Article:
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Allan, Sir William

ALLAN, SIR WILLIAM (1782-1850), Scottish painter, was born at Edinburgh, and at an early age entered as a pupil in the School of Design established in Edinburgh by the Board of Trustees for Arts and Manufactures, where he had as companions, John Wilkie, John Burnet the engraver, and others who afterward distinguished themselves as artists. Here Allan and Wilkie were placed at the same table, studied the same designs, and contracted a lifelong friendship. Allan continued his studies for some time in London; but his attempt to establish himself there was unsuccessful, and after exhibiting at the Royal Academy (1805) his first picture, "A Gipsy Boy and Ass," an imitation in style of Opie, he determined, in spite of his scanty resources, to seek his fortune abroad. He accordingly set out the same year for Russia, but was carried by stress of weather to Memel, where he remained for some time, supporting himself by his pencil. At last, however, he reached St Petersburg, where the kindness of Sir Alexander Crichton, the court physician, and other friends procured him abundant employment. By excursions into southern Russia, Turkey, the Crimea and Circassia, he filled his portfolio with vivid sketches, of which he made admirable use in his subsequent pictures. In 1814 he returned to Edinburgh, and in the two following years exhibited at the Royal Academy "The Circassian Captives" and "Bashkirs tonducting Convicts to Siberia." The former picture remained so long unsold, that, thoroughly disheartened, he threatened to retire to Circassia when, through the kindness of Sir Walter Scott, a subscription of 1000 guineas was obtained for the picture, which fell by lot into the possession of the earl of Wemyss. About the same time the Grand Duke Nicholas, afterwards tsar of Russia, visited Edinburgh, and purchased his "Siberian Exiles" and "Haslan Gheray crossing the River Kuban," giving a very favourable turn to the fortunes of the painter, whose pictures were now sought for by collectors. From this time to 1834 he achieved his greatest success and firmly established his fame by the illustration of Scottish history. His most important works of this class were "Archbishop Sharpe on Magus Moor"; "John Knox admonishing Mary Queen of Scots" (1823), engraved by Burnet; "Mary Queen of Scots signing her Abdication" (1824); and "Regent Murray shot by Hamilton of Bothwellhaugh." The last procured his election as an associate of the Royal Academy (1825). Later Scottish subjects were "Lord Byron" (1831), portraits of Scott and "The Orphan" (1834), which represented Anne Scott seated near the chair of her deceased father. In 1830 he was compelled, on account of an attack of ophthalmia, to seek a milder climate, and visited Rome, Naples and Constantinople. He returned with a rich store of materials, of which he made excellent use in his "Constantinople Slave Market" and other productions. In 1834 he visited Spain and Morocco, and in 1841 went again to St Petersburg, when he undertook, at the request of the tsar, his "Peter the Great teaching his Subjects the Art of Shipbuilding," exhibited in London in 1845, and now in the Winter Palace of St Petersburg. His "Polish Exiles" and "Moorish Love-letter," etc., had secured his election as a Royal Academician in 1835; he was appointed president of the Royal Scottish Academy (1838), and royal limner for Scotland, after Wilkie's death (1841); and in 1842 received the honour of knighthood. His later years were occupied with battle-pieces, the last he finished being the second of his two companion pictures of the "Battle of Waterloo." He died on the 22nd of February 1850, leaving a large unfinished picture-"Bruce at Bannockburn."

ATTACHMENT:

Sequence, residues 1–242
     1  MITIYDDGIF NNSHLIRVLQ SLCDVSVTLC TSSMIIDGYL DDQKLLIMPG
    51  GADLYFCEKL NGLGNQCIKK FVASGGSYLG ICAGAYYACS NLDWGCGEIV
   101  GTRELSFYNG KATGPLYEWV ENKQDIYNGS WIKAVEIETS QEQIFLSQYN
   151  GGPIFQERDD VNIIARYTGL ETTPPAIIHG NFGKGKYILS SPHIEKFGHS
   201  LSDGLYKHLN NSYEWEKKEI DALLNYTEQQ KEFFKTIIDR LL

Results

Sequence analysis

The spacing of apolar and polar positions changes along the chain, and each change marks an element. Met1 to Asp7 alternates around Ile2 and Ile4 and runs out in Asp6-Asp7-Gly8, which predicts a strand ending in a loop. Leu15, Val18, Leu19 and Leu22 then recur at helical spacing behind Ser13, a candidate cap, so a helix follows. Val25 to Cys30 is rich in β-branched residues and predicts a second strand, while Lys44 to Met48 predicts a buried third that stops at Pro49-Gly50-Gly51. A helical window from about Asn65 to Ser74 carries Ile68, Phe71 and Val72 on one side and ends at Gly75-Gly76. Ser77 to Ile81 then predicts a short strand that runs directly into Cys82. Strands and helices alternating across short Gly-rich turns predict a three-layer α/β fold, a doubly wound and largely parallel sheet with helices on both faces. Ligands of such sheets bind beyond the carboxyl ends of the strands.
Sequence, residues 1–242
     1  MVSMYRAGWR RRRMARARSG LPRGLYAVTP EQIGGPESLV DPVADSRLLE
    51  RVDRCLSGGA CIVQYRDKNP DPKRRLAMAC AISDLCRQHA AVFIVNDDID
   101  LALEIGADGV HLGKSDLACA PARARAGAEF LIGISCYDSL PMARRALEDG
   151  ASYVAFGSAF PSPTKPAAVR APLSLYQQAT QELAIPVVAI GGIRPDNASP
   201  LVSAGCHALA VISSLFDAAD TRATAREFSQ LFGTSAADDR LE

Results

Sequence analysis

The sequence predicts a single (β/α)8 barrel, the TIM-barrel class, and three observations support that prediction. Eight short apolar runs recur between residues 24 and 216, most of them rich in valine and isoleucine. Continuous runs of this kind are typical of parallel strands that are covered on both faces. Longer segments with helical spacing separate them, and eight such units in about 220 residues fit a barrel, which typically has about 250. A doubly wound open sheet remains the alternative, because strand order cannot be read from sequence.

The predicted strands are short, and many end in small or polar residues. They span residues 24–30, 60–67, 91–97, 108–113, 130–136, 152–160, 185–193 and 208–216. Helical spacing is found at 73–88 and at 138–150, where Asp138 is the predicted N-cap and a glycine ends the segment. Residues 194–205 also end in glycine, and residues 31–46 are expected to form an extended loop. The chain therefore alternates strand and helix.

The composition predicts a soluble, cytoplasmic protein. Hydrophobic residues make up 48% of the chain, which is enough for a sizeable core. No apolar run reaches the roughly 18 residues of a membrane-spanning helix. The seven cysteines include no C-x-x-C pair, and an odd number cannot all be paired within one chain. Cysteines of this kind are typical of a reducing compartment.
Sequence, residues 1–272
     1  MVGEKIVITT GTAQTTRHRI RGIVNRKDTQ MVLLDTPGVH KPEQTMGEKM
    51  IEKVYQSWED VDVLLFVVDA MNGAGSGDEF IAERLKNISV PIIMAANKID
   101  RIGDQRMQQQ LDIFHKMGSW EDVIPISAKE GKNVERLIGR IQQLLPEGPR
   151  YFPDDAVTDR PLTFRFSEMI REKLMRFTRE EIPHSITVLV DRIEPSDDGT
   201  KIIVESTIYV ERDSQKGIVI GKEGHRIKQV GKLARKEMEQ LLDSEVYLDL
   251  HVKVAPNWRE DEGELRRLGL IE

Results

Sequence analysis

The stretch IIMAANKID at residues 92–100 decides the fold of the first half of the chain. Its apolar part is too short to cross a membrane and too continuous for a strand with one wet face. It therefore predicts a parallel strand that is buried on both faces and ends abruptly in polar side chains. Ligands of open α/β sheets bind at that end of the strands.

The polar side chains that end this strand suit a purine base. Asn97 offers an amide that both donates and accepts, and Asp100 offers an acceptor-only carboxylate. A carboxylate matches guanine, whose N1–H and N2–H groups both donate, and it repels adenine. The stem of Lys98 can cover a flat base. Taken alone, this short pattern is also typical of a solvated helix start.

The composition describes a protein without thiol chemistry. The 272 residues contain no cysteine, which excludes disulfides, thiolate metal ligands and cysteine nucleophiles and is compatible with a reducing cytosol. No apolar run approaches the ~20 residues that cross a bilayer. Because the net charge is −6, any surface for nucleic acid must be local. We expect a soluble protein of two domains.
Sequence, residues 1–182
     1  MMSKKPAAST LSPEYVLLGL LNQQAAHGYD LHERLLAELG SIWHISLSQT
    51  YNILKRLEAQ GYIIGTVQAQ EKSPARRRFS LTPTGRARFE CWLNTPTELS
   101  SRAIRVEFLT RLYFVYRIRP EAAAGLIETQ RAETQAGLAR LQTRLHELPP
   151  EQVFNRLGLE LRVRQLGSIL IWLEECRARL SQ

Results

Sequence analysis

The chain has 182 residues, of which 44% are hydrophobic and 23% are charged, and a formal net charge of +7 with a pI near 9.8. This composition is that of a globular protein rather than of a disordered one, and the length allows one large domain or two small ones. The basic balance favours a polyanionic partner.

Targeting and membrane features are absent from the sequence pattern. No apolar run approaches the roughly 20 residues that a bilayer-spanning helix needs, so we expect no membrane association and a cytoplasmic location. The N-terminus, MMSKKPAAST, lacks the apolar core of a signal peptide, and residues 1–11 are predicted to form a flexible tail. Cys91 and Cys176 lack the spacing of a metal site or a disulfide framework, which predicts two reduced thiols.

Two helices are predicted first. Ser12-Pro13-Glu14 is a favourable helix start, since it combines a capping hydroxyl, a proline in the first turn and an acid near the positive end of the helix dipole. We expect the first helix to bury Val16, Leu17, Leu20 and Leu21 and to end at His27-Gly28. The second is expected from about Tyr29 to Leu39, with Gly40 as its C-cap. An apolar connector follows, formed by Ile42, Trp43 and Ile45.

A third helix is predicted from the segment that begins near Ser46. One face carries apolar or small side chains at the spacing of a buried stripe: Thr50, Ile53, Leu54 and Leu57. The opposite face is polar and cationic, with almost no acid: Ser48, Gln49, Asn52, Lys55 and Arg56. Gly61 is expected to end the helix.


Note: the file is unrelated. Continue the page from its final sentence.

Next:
Note - this article incorporates content from Encyclopaedia Britannica, Eleventh Edition, (1910-1911)

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